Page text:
The flight proceeded on the runway and slowly gained momentum and took off. It reminded me of my paragliding "leaving-the-ground" moment. How suddenly you lose contact from earth and your heart misses a beat. In no time we were up above in the sky watching establishments, cars and trees getting tiny and tinier. getting a bird's eye view of my city. We all look so small from up above... and the buildings, cars and roads look like toys.

"The Dream World" up there

 I could hear the engine roar as the plane gained height defying gravity. The little patches of clouds grew bigger and denser. Suddenly I realised we were entring the clouds. The earth and its establishments were no more visible. Slowly we crossed this layer of clouds. We were above clouds and I was transported to a different world. Those patches of clouds that I saw up in the sky in the morning were below me. The whole scenario had changed. Patches of clouds were hanging all over. Bear, rabbit, elephant, birds... there was a whole jungle up there. Sun was smiling at the play and rays were trickling in through my small personal window warming my body and soul. At that moment all I was missing was the feel of that wind on my face. I just wished the whole airplane would disappear dropping me on one of those clouds.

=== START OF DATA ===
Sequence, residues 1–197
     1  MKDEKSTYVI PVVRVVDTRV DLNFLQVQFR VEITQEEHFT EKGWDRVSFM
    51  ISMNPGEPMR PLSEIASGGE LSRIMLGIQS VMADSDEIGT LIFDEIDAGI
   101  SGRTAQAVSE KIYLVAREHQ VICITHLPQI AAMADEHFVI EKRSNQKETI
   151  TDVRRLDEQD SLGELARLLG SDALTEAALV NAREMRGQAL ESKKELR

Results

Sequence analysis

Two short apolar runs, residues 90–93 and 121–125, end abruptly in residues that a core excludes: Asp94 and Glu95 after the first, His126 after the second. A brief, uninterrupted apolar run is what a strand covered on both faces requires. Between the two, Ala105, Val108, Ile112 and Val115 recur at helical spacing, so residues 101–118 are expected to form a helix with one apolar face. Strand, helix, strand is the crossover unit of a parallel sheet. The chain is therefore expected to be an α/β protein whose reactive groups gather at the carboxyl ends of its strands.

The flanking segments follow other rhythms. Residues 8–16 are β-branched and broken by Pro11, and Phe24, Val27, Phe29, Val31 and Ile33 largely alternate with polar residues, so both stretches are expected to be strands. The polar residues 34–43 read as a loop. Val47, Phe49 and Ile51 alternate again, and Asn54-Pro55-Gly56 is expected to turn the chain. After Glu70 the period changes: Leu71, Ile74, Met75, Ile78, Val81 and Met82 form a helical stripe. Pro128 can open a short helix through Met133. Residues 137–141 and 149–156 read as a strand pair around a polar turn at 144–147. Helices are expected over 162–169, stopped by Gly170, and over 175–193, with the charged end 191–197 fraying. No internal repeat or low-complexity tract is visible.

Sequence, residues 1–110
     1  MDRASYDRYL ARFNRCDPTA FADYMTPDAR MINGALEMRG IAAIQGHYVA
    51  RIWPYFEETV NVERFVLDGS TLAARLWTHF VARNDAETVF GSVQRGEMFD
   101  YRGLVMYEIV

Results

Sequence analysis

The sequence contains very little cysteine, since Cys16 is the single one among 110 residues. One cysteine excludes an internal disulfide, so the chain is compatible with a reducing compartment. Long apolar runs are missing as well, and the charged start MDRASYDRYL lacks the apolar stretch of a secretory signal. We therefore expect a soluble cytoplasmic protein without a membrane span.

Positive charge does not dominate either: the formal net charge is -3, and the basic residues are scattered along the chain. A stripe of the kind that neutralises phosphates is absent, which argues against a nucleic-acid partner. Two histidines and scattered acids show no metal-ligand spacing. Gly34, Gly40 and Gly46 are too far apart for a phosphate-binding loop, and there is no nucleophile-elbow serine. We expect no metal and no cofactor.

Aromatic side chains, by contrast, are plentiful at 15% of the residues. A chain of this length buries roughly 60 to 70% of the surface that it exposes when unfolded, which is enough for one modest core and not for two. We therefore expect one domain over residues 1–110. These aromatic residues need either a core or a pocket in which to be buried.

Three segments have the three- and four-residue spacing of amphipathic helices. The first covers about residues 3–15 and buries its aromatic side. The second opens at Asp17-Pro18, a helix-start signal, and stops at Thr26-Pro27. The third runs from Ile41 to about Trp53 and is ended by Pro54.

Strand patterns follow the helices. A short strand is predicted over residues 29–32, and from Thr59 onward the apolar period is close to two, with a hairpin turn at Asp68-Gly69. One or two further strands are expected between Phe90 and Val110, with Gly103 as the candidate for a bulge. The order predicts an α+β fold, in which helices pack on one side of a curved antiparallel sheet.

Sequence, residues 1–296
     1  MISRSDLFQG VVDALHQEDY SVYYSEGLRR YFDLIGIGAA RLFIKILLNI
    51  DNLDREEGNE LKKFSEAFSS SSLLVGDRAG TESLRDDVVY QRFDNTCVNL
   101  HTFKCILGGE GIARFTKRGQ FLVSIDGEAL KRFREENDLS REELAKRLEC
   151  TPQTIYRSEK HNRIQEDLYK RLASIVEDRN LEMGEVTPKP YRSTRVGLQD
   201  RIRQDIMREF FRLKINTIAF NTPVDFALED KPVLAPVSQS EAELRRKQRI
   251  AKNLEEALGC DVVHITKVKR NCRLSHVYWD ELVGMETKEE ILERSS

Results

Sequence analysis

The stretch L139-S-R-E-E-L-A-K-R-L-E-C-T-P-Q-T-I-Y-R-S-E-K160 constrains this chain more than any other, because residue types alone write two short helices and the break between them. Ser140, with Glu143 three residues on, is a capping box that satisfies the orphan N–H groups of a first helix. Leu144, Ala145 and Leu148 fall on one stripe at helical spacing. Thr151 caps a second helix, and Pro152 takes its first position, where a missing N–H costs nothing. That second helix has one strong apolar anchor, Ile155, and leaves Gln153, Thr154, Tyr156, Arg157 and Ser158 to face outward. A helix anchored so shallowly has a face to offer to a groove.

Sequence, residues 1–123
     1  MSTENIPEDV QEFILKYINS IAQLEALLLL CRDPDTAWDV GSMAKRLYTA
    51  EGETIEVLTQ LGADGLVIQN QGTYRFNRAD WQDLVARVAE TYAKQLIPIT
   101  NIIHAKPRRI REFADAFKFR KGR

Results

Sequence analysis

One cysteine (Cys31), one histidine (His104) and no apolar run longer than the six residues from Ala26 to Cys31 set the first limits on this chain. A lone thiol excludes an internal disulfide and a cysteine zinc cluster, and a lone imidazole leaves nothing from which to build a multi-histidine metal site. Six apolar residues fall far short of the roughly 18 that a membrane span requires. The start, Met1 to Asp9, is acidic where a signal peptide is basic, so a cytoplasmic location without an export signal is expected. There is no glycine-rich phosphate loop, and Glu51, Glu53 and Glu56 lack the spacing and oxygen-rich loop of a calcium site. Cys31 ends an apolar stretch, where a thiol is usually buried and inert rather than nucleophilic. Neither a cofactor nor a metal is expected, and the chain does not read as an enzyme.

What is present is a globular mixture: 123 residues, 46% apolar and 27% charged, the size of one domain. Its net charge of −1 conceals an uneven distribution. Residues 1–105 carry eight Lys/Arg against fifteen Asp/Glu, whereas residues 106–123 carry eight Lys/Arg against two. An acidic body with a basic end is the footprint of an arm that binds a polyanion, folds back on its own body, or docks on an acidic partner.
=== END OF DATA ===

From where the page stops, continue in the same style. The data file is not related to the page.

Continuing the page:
I was suddendly bought back to "our world" by one of the airhostess who was distributing a menu of things I could eat and the list of products I could buy while flying and the offers I will get if I buy them now. How I wish I could be in my own dreamy world forever. Anyways, I ordered some tea and Honey Oat Cookies.

Back to "My Gola"